“There were people we could apply to the teams right away and we trained them up and this has been foundational to building the remaining teams. But there is much more to be done in certifying the teams in the same way we certify crews and ships to train as a warfighting unit,” Tighe added.
Personnel are mix of information warfare and information systems officers and enlisted cryptologic technicians, intelligence specialists and information systems technicians.
“This is a total force plan that includes active duty, Reserve and civilian — about one-third of the force is civilian because of their expertise in defending networks — and they are part of the operational force,” Tighe explained.
The five-year plan is flexible, the admiral said, “We see it evolving so that if a policy decision allows more offensive maneuvers we can adjust, our goals are 18-month goals which we purposely factored in so we could articulate how we are doing, and we are doing the hard work of getting the metrics for our mission set and building capacity and capabilities to give the nation and the combatant commanders options.
“Cyber rules of engagement (ROE) are defined by the Joint Chiefs of Staff with U.S. Cyber Command, and over time they may change. They are policy decisions, and 10th Fleet is an operational command. Yes, the rules of engagement may change, and we have to keep our eye on the ball, but we can’t be paralyzed by it,” Tighe said.
Task Force Cyber Awakening/CYBERSAFE
With Operation Rolling Tide came the realization that there is an afloat dependency on the networks ashore, the NMCI and C4I systems. The Chief of Naval Operations directed the stand-up of Task Force Cyber Awakening as a unified effort to look at DON IT systems holistically in response to cyber threats that run the gamut from an individual sophisticated hacker to rogue and nation-states.
Using the CYBERSAFE construct, the Navy will create a process for identifying and hardening business IT and warfighting networks and systems that extends through the entire life cycle — from development, acquisition, deployment, operation, sustainment and retirement.
“Task Force Cyber Awakening and CYBERSAFE are really about outcomes harnessing the power of all the resource sponsors and TYCOMs (Type Commanders) and reducing the attack surface to mitigate risk,” Tighe said. “Everything is connected in cyberspace — communications networks, weapons systems, hull, mechanical, and electrical (HM&E) — we have to make sure we are capable of operating and defending these systems.”
It is the responsibility of FCC/10th Fleet and its subordinate commands to prevent network intrusions, respond with a sense of urgency, detect if there is lateral movement in the network and make sure that: “We are not ceding territory to an adversary,” Tighe said.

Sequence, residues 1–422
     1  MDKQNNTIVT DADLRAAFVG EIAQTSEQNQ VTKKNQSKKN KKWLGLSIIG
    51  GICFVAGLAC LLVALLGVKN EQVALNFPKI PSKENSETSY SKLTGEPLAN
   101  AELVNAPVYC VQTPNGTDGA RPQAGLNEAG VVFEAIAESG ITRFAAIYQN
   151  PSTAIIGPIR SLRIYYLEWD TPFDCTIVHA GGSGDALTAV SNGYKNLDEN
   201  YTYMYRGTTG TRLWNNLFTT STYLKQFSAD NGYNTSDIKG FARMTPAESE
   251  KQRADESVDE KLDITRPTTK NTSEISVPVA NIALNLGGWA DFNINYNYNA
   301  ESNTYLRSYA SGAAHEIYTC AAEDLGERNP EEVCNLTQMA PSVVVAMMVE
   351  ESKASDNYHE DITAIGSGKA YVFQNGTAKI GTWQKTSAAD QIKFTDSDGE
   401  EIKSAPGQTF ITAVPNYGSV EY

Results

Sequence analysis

“Historically, we didn’t have a way to prioritize and respond with a sense of urgency. Every day we face unknown threats, but we have to have a way to prioritize responses and our resources, and as we acquire new investments we need a baseline to measure our return on these investments and if they allow us to respond more quickly.
“You have to know your home field, your network... There are a lot of tools and technologies that are available today that are being piloted, tested and deployed in our system that will begin to improve my ability to see [intrusions], much less my ability to then respond,” Tighe said.
Warfighting Effects Provider
FCC/10th Fleet will deliver warfighting effects through cyberspace, Tighe said.
“Combatant commanders articulate their needs to me depending on where they might have gaps; or a response I can provide [through cyberspace] may be the only capability they may use. We make these decisions together and they are assessed the same way in all conflict situations. Is the response proportional? What are the collateral effects, and in the final phase, will the infrastructure have to be rebuilt — the same assessments considering all the warfighting domains.
“We start with their priorities and our ability to deliver capabilities to a team — valid military targeting packages — just as we do for kinetic packages… Our [other] operational commanders rely on our networks, communications systems, and SIGINT, and also employ our cyber warfare effects,” Tighe said.
There is an ongoing tension between the focus on the relentless daily attacks on department networks and looking ahead to the more strategic challenges of working with industry and academia, Tighe said.
“I rely on my subordinate commands for the day-to-day operations without being disconnected from them. I have to have both feet firmly in both camps being able to respond to operations as well as opportunities.”
Connect with FCC/10th Fleet: https://www.facebook.com/USFLTCYBERCOM